KITAKYUSHU — Kitakyushu, with its eyes on foreign markets, is reviving the manufacture of a once-vanished traditional cotton textile.
Kokura-ori is a strong but soft cotton fabric with vertical stripes of alternating colors. The weaving originated in the Buzen Kokura region during the Edo Period (1603-1867) in northern Kyushu.
The fabric was widely used for obi, “hakama,” a kind of skirt for men, and various other items when kimono were the daily clothing.
So common as men’s everyday clothing were hakama made of Kokura-ori that they receive a mention in various works of literature, including Natsume Soseki’s “I Am a Cat.”
The stripes are woven colored threads. Because the vertical threads are three times thicker than the horizontal ones, the stripes stand out clearly.
After the art almost vanished in the early Showa Era, Noriko Tsuiki, a dyeing and weaving artist in Kitakyushu, revived it in 1984 after a two-year period of trial and error.
“I wondered aloud, ‘Is this cotton or silk or what?’ because it was smooth and had a glossy surface,” recalled Tsuiki, 57, of her first impression when she came across a small piece in an antique shop.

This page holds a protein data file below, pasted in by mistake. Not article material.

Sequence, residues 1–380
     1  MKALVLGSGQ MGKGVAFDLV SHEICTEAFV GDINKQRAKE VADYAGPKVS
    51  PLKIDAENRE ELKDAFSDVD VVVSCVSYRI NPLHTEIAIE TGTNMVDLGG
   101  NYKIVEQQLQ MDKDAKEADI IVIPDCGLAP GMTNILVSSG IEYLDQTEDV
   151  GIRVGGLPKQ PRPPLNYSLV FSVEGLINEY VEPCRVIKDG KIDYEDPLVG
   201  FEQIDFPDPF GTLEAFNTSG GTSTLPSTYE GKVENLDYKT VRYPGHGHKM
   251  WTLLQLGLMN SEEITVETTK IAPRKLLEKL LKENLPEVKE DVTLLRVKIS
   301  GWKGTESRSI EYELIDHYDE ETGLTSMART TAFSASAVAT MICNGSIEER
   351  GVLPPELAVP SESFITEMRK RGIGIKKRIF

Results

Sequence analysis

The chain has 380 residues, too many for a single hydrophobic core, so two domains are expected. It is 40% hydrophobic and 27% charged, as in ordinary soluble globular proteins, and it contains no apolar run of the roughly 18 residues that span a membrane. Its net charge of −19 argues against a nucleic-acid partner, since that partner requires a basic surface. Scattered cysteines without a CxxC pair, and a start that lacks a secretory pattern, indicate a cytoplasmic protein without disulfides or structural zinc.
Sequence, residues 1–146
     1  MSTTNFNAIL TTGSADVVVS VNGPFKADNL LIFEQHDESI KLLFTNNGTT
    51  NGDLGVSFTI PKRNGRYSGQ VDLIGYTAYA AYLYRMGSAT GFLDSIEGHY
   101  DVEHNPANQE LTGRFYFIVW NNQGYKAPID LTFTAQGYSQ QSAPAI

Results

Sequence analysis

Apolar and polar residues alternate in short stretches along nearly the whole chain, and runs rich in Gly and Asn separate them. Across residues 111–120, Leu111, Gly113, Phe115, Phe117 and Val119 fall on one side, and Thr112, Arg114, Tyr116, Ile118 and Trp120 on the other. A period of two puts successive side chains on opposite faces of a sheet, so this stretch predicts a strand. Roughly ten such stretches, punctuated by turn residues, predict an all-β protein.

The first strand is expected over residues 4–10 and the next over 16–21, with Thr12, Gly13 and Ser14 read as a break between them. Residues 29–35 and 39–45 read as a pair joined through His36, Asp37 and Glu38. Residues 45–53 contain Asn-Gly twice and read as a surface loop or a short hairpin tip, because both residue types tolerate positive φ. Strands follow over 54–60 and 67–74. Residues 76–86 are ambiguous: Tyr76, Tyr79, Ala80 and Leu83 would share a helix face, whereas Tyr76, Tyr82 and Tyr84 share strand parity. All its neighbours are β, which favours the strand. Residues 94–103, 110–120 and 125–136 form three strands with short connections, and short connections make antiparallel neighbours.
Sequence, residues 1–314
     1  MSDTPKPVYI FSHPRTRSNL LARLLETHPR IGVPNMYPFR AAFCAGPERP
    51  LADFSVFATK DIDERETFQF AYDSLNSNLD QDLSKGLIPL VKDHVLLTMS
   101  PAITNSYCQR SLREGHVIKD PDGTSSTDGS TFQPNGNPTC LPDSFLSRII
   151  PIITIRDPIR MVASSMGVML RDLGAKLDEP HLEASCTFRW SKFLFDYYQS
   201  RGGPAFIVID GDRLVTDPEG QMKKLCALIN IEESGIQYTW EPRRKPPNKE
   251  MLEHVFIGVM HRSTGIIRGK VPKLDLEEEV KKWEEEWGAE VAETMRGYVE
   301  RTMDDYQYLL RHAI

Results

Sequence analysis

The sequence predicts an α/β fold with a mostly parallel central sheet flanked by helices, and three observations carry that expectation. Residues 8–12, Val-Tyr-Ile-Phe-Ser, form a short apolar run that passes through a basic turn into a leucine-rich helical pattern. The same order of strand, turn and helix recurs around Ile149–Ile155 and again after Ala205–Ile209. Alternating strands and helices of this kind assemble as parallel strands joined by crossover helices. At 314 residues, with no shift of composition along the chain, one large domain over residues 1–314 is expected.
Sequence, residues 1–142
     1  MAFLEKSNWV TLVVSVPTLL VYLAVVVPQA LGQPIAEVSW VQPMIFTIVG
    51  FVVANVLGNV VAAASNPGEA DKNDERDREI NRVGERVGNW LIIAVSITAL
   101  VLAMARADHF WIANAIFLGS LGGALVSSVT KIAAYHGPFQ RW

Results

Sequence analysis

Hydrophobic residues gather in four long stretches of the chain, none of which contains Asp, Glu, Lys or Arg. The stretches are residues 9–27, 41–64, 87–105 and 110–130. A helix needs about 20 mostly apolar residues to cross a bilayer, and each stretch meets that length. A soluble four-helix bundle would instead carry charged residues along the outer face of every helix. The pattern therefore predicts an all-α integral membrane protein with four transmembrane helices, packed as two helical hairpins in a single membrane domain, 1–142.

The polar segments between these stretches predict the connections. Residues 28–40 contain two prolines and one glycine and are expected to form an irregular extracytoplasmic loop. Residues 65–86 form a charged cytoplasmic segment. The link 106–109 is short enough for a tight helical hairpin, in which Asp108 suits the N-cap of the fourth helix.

“I’m sure Kokura-ori will be accepted globally, because European people love fabric. Although there are many striped fabrics in the world, Kokura-ori is unique in its great design,” Tsuiki said.
She runs a crafts center in a rural area in Kitakyushu where she produces handwoven products.
Kokura Creation Inc., led by President Hideko Watanabe, the younger sister of Tsuiki, deals with a variety of woven products, including purses and card cases.
Tsuiki has succeeded in developing a mechanical weaving process to produce items in large volume.
The company has taken part in trade fairs in Frankfurt and Paris since 2008 and received orders from a distributor in Switzerland.
Original products like table mats and wrapping cloths are also sold in Japan, though in limited number.
The Kitakyushu Chamber of Commerce and Industry set up a committee last month to study the tastes and preferences of consumers abroad to come up with products that will suit the world market, thanks to a subsidy from the Small and Medium Enterprise Agency to foster new Japan brands. Kokura Creation says it is ready to help the project.